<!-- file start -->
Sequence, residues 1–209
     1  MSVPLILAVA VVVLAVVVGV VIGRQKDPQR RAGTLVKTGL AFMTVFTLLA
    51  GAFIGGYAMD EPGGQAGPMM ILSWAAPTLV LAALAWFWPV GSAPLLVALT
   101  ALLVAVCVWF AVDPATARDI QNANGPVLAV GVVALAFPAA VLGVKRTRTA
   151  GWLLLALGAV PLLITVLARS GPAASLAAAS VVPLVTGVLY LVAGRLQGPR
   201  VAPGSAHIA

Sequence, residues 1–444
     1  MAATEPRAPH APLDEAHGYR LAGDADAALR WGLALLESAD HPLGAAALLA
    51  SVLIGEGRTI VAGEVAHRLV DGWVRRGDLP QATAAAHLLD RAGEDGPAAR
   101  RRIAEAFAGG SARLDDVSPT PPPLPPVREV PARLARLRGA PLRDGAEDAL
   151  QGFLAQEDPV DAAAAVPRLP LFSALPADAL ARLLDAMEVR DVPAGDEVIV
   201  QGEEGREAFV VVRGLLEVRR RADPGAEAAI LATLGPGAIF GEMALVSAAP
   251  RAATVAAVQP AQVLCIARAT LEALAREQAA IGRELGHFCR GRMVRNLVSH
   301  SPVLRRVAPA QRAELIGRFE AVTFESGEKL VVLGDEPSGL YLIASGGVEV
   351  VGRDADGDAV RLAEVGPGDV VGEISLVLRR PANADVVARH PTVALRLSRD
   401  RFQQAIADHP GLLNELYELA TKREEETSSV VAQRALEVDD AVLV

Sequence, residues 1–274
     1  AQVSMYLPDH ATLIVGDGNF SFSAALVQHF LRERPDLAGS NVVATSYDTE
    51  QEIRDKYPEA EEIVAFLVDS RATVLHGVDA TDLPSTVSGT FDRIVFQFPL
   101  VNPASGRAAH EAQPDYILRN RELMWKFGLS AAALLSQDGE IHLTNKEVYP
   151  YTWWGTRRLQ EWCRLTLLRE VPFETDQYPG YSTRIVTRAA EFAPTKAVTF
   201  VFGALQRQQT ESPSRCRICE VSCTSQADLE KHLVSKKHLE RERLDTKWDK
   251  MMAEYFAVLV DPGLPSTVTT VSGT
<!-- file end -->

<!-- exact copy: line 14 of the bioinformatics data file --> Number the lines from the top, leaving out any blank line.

   301  SPVLRRVAPA QRAELIGRFE AVTFESGEKL VVLGDEPSGL YLIASGGVEV